My daughter was raped. I'm not here to tell her story – I would never presume to be a spokesperson for her. I know I could never properly express her feelings as a survivor and I know that the struggle I went through does not compare to her difficult journey. This is my story: a story about the absolute worst days of my life and how my daughter’s sexual assault impacted me as a father who loves his daughter deeply.
I became aware of something being wrong a couple days after it happened. We were always close but she was shutting me out and locking herself in a room for hours at a time, more so than is expected of a seventeen year old. When I first heard the rumours I had no idea how to react. I wanted to stay calm.
At first I handled it poorly. When I confronted her about what I had heard, emotions boiled over and I became furious. How could my little girl not come to me about this? What an idiot I was. Here was my baby pouring out her pain and my first reaction was so selfish. We cried together and as we calmed down, we hugged and just sat together without speaking. That was the only time I ever raised my voice to my daughter and I am still disappointed in myself.
I was lost. I cried for the next three days while locked in my office at work. What should I do? I began calling around to find out about support programs, not just for her but for our family. We were able to get my daughter into a program within the first month or so, but there was nothing for our family. I searched the Internet looking for support programs for the family but I found nothing. We would have to self-heal. The wound is still there.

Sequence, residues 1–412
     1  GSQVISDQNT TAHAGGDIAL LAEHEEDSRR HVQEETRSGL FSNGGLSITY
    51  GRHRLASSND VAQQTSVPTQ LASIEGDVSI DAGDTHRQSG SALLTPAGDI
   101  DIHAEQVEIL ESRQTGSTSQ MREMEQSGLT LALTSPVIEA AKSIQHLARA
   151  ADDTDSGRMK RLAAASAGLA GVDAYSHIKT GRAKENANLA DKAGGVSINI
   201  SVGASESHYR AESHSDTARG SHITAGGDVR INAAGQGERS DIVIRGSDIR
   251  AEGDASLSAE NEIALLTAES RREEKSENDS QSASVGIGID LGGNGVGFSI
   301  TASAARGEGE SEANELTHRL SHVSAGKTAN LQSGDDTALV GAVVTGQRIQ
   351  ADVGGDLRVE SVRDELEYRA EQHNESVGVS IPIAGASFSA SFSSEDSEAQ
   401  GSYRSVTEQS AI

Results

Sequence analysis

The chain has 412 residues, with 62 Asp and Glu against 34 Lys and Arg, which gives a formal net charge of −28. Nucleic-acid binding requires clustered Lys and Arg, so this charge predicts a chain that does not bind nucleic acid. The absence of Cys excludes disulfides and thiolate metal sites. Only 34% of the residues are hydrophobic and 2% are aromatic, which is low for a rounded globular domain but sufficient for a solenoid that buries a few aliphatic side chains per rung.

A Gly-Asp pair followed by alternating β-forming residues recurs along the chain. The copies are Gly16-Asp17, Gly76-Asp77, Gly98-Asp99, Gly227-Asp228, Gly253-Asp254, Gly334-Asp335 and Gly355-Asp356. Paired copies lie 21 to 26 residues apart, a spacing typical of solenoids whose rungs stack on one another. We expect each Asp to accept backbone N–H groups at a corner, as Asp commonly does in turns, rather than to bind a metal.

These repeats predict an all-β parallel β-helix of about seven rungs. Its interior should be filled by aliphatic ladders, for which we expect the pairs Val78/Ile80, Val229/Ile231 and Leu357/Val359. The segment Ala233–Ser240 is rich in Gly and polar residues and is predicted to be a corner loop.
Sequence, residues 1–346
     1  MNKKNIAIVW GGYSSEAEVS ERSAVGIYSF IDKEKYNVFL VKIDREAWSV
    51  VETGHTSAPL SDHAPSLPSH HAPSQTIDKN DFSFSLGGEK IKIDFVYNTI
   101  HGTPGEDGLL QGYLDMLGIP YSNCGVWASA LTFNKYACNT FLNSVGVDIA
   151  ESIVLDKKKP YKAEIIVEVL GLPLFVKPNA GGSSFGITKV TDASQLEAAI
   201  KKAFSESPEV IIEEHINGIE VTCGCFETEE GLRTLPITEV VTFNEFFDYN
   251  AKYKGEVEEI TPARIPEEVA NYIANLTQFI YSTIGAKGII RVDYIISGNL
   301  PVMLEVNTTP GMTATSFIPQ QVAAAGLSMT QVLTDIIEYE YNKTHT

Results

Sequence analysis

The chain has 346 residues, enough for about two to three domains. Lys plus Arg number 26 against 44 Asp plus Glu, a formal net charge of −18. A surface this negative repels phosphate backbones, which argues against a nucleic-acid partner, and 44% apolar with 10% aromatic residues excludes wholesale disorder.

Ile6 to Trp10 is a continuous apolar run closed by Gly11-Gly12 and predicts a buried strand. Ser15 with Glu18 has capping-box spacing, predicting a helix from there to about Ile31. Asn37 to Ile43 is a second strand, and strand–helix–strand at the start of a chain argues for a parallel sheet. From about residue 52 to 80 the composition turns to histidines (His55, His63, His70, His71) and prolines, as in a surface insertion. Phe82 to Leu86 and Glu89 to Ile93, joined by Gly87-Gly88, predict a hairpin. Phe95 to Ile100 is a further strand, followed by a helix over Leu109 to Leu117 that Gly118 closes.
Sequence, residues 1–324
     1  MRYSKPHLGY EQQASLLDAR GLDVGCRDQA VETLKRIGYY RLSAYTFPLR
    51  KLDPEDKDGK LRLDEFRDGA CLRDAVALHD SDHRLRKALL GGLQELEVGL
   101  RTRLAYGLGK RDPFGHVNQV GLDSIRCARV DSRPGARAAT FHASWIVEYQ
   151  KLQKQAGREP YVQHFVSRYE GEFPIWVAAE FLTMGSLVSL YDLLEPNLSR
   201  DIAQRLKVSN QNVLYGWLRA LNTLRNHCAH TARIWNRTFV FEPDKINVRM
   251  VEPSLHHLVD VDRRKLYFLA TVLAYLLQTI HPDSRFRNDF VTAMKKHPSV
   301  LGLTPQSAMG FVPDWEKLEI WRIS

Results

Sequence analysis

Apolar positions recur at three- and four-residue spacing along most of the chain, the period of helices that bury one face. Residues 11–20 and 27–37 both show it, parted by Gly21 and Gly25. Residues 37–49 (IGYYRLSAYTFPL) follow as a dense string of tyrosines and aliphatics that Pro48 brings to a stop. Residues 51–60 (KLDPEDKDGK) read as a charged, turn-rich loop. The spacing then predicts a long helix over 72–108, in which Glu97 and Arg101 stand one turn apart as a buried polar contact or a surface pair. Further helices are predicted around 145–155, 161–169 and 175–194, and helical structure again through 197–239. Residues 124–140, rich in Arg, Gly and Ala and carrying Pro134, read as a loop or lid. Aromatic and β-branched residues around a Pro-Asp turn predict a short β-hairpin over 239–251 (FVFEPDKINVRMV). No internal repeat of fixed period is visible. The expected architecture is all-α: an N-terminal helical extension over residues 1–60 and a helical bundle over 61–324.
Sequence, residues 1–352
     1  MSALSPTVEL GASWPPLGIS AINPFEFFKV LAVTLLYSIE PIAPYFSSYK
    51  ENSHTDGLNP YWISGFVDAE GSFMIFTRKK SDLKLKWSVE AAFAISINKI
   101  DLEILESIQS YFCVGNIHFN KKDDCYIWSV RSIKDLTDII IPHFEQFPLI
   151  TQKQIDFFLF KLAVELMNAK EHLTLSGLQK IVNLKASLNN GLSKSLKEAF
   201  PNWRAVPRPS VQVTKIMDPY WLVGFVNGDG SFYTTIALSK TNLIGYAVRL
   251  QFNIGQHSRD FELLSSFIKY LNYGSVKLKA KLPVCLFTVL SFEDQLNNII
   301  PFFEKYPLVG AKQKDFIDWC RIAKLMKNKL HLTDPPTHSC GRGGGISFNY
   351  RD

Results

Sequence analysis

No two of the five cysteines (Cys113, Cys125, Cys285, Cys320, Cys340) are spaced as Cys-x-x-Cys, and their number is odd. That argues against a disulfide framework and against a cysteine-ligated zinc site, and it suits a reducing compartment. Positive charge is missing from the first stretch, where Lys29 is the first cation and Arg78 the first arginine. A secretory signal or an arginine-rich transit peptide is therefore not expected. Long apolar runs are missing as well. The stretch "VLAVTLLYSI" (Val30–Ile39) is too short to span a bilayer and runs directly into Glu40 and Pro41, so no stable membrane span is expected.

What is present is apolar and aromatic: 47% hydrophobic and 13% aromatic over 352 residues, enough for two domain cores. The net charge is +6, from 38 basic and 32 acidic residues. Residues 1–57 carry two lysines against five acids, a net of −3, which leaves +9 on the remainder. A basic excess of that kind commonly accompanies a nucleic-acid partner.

Unfortunately I knew a little about abuse as I saw my mother being abused while I was growing up. I turned my back on my mother but there was no way I was turning my back on my daughter. I needed to fix this — after all that is what parents do, they fix things for their children. What a fool I was!
I believed in my heart and soul that she was going to need to take back the control in order to heal. As with many survivors, she didn’t want to relive the experience for anyone. I felt I had to convince her to file a complaint. I was prepared to risk our relationship. I lovingly but firmly guided her into speaking to the police. She pushed back but eventually agreed. I kept asking myself, “Was I doing the right thing?”
As I sat at the police station with her and a friend she brought along for emotional support, I continued to think about how to react. I had to be strong for her but what about him. I wanted him dead. After she had told her story while in another room, the police officer pulled me into that room and suggested that I not do anything stupid. I remember saying, “My daughter needs me more than I need him dead.” That is the sole reason her attacker is still alive today.
I spent the next few weeks sleeping on the floor beside her bed. She was afraid to close her eyes. I would just lie there. We wouldn't talk. I needed her to know I'd be there when she needed to talk. In time, she started and sometimes we would chat late into the night and get no sleep. Then, after a few weeks, one night she said, “I can sleep tonight, dad. You can go to bed.” Those words made me feel like maybe I had done something right to help her.
For years afterwards, I didn't share her story with our family. I felt it was her story to share, when she was ready. She asked me once if I was ashamed of her and if that's why I hadn’t told anyone. Surprised, I explained that I felt it was up to her to tell those who she wanted to know. She understood afterwards but WOW, I missed that one.
I failed to protect my baby. We still talk about it from time to time. I am always looking for reassurance that she is able to live with what happened. I know she will never forget and will never be the same person that she was. I certainly know that I will never forget. After about a year, her attacker was convicted and registered as a sex offender but I got no real satisfaction out of that.
It has been six years since it happened. I still tear up when I talk about it. I often wonder how I could have handled the whole thing better. She has learned to live with the emotional scars and I think about what happened almost every day. I still think of killing him. I worry about running into him somewhere, but I hold onto the thought that my daughter still needs me more than I need him dead.